Dry Toilet – Humanure

A major part  of Permaculture is using what is naturally around you with a keen eye on reducing all waste and producing what you need sustainably. This post might not be everyone’s cup of tea but the aim is to highlight an under-talked about issue in the Western world; HUMANURE.

From waste to resources… Joseph Jenkins’ excellent book on the subject calls for a semantic move away from the word ‘waste’ when linked to recycling to ensure that human ‘waste’ is not thought of as such; something which is not beneficial and is in fact completely devoid of any further use. For millennia, ‘night soil’ as it is referred to in Asia has been regarded as extremely valuable and still is today. It’s just that now Western society seems to hide away its recycling of humanure under the banner of ‘municipal slurry’, a term which encompasses human manure and which turns it into the necessary fertilisers for growing our food. Now it is mainly the domain of industrial farmers in the west. A cycle such as this, where the manure, which has come from the soil is returned to the soil as nutrient, is actually the normal way of things in nature.

For the last year or so we have been utilising a chemical caravanning loo, but with crowds of visitors arriving at Les Vignes Basses, it was time to up the game. Dry loo here we come. Leon was our first visitor of the summer so we made it our first project (lucky Leon πŸ™‚ ).

For anyone thinking of creating their own, here is a gallery with a step-by-step guide. We have since had up to ten visitors at any one time and the dry loo has been a surprising success. We weren’t sure how well it would work (and more importantly how we would keep the smell at bay), but honestly we, and all our visitors, have been pretty impressed with the lack of odour (due entirely to the urine separator) and the excellent composting. Feed your guests well = excellent compost for next year’s veggies!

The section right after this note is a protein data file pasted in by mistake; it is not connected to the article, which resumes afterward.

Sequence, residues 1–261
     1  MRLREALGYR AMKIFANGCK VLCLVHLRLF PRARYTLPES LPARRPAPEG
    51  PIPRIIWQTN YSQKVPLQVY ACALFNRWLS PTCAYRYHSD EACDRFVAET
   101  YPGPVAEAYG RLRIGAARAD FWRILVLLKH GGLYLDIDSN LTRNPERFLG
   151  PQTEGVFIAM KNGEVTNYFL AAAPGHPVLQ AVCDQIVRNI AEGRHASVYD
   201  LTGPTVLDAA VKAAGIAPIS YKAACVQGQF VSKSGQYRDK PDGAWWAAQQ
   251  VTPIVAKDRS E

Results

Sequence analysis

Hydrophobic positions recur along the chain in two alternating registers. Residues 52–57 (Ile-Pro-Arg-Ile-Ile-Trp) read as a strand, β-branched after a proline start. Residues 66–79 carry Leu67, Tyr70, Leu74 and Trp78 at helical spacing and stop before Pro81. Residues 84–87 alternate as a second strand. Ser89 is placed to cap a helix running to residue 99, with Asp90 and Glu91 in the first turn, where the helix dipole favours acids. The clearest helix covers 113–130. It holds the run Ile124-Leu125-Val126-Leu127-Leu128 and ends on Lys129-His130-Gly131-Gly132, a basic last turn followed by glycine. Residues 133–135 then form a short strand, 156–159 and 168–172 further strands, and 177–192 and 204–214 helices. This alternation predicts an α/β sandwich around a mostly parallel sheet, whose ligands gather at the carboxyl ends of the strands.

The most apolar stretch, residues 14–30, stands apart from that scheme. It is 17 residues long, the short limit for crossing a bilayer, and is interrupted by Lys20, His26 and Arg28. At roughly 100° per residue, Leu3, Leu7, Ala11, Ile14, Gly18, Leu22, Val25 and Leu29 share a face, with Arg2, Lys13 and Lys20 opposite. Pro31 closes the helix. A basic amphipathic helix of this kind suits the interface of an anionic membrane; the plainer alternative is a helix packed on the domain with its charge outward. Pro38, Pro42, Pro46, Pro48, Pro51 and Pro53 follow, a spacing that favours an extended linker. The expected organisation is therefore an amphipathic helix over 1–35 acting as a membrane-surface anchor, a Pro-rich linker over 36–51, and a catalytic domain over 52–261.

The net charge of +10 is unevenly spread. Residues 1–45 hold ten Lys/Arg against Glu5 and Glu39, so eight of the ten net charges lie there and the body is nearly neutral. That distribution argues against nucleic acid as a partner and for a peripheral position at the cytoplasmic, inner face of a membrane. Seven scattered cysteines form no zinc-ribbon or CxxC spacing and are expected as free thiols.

Creating a dry toilet…..

Once the loo is full it is time to put the goodies onto the special compost pile and within six-ten months it should have been turned into lovely black fertiliser for your veggie patch. It is advisable to have two or even three composters on the go at the same time to allow each one to have a solid six months of worm and bug composting whilst the others are filled.

Please feel free to contact us if you would like any more information about the actual composting of the loo contents! πŸ™‚

Update: This excellent TED talk by Molly Winter really helps to demonstrate the logic behind composting humanure: 

7 Comments on “Dry Toilet – Humanure

  1. Pingback: Compost Toilet – Humanure – Les Vignes Basses – WORLD ORGANIC NEWS

  2. I wonder, because we do not separate urine, if you add the urine back to the composting pile? I always believed it to be a necessary component of the composting procedure. As for smell, I can testify that as long as you cover whatever it is that you have done then there is no smell and no need to separate urine.
    Have you filled your first pile yet? From our experience you need to let it rest at least 12 months after ‘closing’.
    By the way I popped in to read a post about WWOOF, but it’s not here? Still I’m glad I read this one again, anyone who promotes Humanure gets my vote:)


    • Hi Eddy! We find that a little bit of urine still goes in even with the separator and you’re totally right it really doesn’t ever smell as long as everything is covered well. First pile is a go-go!! Especially after we had 10 guests on the land….filled quite quickly πŸ™‚ Leaving it to rest for a while longer yet.

      I’m sorry about the WWOOF post – it wasn’t meant to be a teaser!! I pushed the ‘publish’ button by accident, but the post is on it’s way πŸ™‚

      Liked by 1 person

  3. Pingback: WWOOF WWOOF – Les Vignes Basses

  4. Pingback: Van Life – Les Vignes Basses

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